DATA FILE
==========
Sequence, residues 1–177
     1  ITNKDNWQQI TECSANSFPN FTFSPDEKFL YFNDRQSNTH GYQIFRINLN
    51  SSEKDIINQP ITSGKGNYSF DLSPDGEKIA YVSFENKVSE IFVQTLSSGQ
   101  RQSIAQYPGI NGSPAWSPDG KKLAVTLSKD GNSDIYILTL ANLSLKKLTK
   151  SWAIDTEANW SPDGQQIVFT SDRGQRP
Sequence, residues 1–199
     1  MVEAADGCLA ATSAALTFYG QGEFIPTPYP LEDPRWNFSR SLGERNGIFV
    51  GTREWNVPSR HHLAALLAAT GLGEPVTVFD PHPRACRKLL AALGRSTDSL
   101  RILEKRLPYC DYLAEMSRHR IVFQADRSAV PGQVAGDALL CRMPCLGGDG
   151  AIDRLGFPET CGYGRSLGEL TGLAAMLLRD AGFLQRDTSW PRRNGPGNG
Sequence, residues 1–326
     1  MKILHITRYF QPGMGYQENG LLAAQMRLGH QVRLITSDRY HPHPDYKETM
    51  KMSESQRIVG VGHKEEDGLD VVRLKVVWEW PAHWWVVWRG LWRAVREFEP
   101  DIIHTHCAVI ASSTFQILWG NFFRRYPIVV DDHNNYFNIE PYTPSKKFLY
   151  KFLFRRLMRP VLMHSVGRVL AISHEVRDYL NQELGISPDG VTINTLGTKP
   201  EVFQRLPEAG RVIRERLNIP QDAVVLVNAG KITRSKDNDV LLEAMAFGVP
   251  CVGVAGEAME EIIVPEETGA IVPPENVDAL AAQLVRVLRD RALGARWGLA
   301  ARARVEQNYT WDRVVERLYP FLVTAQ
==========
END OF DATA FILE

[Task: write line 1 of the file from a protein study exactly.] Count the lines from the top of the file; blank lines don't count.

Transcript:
Sequence, residues 1–177